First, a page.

Early childhood centers fear the financial impact of the RSV epidemic

The Early Years Council is calling for more information and financial support from the government amid the outbreak of the potentially fatal virus, RSV.

The increase in cases of RSV virus affects attendance at children’s centers (archive photo).
Photo: 123rf

Contagious respiratory disease recently skyrocketed among babies and children, with reports from the National Virus Labs Network showing cases started to rise sharply in June, reaching 538 cases in the last week of the month alone. .

The board’s chief executive, Peter Reynolds, said there was a huge increase in absences from childcare centers, with some losing nearly 60% of their enrolled staff.

He said current funding options are not enough to help centers get through hardships.

“We expect the ministry to provide additional information that would be useful for the center – and for centers to pass on to concerned parents – and also to reassure services that appropriate funding levels will not be threatened due to the cutback. significant number of children attending the service. “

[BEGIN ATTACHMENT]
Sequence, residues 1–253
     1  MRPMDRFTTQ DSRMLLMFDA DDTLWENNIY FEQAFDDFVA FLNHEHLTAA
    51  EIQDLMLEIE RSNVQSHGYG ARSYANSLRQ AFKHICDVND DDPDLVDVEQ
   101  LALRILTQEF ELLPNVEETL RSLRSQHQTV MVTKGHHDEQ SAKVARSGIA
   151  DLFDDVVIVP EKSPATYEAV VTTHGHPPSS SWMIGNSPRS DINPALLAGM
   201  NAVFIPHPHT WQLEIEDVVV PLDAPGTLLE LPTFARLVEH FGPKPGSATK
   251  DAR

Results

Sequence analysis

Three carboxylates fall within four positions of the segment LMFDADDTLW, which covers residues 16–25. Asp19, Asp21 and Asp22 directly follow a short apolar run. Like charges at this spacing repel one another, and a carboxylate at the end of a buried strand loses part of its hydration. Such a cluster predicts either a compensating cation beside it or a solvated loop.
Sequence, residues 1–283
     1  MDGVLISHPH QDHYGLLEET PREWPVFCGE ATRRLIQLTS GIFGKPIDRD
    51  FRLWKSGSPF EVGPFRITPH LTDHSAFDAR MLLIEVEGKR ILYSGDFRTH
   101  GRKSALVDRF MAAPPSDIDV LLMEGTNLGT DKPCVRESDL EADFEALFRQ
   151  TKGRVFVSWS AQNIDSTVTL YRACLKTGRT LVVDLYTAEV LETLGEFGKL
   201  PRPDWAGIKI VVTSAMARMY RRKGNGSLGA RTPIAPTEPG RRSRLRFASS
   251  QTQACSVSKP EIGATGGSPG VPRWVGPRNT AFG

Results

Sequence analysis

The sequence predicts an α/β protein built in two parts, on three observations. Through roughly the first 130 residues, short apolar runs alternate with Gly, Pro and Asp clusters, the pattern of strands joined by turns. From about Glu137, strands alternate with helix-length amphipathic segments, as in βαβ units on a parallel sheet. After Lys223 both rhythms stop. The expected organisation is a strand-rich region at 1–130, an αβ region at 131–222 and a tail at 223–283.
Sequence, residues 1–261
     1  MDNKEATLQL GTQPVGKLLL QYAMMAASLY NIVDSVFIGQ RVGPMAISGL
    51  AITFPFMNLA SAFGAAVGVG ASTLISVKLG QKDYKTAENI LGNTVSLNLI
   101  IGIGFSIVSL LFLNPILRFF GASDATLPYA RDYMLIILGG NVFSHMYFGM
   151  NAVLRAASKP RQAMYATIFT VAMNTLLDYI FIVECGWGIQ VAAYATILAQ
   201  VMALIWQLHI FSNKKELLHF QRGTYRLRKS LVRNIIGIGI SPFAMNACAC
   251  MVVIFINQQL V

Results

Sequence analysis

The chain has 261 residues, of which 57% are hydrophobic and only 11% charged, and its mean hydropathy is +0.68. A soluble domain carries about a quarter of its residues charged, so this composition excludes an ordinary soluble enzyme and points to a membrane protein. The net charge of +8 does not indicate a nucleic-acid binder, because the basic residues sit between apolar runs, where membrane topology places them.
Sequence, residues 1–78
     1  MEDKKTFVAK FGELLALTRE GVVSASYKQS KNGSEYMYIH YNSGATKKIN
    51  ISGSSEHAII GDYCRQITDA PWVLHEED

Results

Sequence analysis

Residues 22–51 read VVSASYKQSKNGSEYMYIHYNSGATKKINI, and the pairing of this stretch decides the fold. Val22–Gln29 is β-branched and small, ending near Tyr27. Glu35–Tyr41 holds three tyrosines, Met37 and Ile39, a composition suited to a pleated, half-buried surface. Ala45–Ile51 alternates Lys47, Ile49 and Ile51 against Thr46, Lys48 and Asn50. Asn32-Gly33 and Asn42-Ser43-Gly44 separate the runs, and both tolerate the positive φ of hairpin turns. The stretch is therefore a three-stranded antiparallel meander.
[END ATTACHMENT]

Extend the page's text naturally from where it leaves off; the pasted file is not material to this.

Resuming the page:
Reynolds said the centers are playing their role in containing the outbreak by encouraging parents to keep sick tamariki at home, but they are losing income.

“The services depend on the children who are enrolled in the service. And they cost and staff their costs based on those enrollments.

“Now, if a child doesn’t show up for a service on a certain day, that doesn’t change the costs that the service faces. “

Reynolds said the government needs to provide clear information about the virus and financial support to struggling centers.

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